All posts tagged Pacifism

  • “You’re Not A Pacifist Are You?”


    “You’re not a pacifist are you?”

    I get that question a lot. People who have read my books or heard my sermons will often “confront” me with that question. There seems to be a hint of scandal implied in the question, like asking, “you’re not a pornographer are you?” This strikes me as a bit strange. I suppose the hint of scandal comes from the assumption that pacifism is a sort of cousin to cowardice. This also strikes me as strange. To endorse the dominant view that the employment of violence is compatible with Christianity requires no courage at all — that’s just following the crowd. But to differ from the dominant view on the sanctity of state-sponsored violence may require an uncommon reservoir of moral conviction. Pacifism is not a popular position in America, and especially not among patriotic evangelicals who have ardently sought to amalgamate the American state and the Christian faith into one hybrid entity. Still I know what you’re wondering: what’s my answer to the loaded question about pacifism?

    First of all, I don’t like labels. Kierkegaard was right when he said, “when you label me, you negate me.” Just call someone a pacifist and you can dismiss them with a wave of your hand. Labels are often a way to avoid thinking. “Oh, he’s one of those.” Case closed. Mind closed. That being said, I have no problem with Christians who adopt the label of pacifist — if nothing else they provide an alternative witness to that of the Christian militarist whose numbers are legion.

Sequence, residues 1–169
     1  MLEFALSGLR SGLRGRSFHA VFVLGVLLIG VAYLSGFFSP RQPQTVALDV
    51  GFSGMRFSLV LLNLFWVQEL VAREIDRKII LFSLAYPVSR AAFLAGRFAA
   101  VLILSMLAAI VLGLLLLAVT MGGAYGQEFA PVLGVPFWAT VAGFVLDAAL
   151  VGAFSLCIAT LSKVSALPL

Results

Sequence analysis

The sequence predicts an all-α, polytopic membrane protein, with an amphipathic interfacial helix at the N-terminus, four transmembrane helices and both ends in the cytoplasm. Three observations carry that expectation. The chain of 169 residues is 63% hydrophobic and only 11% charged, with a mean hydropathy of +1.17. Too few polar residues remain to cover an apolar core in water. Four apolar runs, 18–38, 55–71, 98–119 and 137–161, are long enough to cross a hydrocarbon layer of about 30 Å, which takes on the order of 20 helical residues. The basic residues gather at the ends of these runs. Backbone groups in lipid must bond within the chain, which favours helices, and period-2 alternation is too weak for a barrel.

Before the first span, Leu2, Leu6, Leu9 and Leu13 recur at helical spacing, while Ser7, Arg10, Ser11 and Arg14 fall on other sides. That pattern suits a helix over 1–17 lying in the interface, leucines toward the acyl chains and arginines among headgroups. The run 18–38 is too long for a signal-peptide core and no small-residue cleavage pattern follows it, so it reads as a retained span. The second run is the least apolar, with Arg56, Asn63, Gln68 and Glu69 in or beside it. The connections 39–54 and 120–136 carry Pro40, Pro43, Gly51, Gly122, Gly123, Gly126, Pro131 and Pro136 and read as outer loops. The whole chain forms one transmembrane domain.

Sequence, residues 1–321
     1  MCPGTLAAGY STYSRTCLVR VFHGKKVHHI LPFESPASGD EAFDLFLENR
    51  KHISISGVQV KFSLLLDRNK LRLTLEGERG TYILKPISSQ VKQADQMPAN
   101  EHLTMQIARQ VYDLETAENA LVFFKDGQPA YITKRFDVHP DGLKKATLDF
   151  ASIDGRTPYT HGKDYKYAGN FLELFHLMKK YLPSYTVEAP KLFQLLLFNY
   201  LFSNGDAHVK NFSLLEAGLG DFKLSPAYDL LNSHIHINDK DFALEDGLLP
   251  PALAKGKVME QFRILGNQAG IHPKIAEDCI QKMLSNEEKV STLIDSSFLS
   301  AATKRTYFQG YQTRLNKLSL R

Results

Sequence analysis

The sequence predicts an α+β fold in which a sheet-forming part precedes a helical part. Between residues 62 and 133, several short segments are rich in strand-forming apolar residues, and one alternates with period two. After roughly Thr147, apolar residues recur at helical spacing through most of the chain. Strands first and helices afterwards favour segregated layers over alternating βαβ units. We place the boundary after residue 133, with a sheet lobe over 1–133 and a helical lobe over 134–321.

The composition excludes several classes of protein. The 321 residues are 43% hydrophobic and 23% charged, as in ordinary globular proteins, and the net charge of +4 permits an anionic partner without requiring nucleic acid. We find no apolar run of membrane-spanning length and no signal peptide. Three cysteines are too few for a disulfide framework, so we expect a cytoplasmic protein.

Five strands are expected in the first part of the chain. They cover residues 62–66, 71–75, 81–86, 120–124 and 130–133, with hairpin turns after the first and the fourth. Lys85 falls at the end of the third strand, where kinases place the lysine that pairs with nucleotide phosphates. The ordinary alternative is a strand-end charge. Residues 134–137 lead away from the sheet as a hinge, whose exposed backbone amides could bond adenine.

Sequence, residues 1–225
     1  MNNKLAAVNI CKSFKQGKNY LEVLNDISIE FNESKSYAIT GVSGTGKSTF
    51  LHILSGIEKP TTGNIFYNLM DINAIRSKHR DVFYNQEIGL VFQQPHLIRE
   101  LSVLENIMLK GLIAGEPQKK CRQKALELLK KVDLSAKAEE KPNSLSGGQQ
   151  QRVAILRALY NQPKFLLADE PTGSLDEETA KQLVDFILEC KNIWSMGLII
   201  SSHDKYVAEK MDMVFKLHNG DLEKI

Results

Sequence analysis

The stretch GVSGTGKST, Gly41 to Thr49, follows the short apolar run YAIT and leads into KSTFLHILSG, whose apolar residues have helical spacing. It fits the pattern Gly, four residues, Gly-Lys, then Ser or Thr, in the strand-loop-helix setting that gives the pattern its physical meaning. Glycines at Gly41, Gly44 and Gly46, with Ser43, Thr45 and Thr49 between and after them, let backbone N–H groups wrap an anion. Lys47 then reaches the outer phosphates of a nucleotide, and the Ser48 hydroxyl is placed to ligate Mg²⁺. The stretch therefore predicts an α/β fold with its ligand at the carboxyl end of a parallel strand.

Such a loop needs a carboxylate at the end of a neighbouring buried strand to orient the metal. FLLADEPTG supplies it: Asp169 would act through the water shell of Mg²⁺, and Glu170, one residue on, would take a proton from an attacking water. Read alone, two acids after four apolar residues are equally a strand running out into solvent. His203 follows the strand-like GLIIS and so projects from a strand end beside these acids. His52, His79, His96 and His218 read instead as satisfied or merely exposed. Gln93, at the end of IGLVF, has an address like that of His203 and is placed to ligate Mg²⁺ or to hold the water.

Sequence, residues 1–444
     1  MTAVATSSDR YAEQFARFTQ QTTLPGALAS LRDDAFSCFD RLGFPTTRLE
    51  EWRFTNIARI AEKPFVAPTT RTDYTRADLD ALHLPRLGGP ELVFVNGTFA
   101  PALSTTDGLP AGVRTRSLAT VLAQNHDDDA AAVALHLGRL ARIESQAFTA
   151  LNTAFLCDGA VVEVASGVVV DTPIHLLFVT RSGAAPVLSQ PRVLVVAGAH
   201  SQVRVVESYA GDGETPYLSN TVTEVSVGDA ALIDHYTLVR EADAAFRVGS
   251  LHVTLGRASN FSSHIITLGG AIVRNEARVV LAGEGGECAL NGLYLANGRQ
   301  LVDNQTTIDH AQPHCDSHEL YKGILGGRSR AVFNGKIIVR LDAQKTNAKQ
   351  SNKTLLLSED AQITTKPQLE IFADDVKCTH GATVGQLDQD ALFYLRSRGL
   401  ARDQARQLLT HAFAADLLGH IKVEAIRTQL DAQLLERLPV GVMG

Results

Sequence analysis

But I actually don’t claim the label of pacifist, and for this reason: pacifism is a political position on violence; it’s a position one could adopt apart from Jesus Christ — as for example the great writer and humanist Kurt Vonnegut did. But I am not a political pacifist. What I am is a Christian. And as a Christian we can talk about how Christ informs humanity on the subject of violence.
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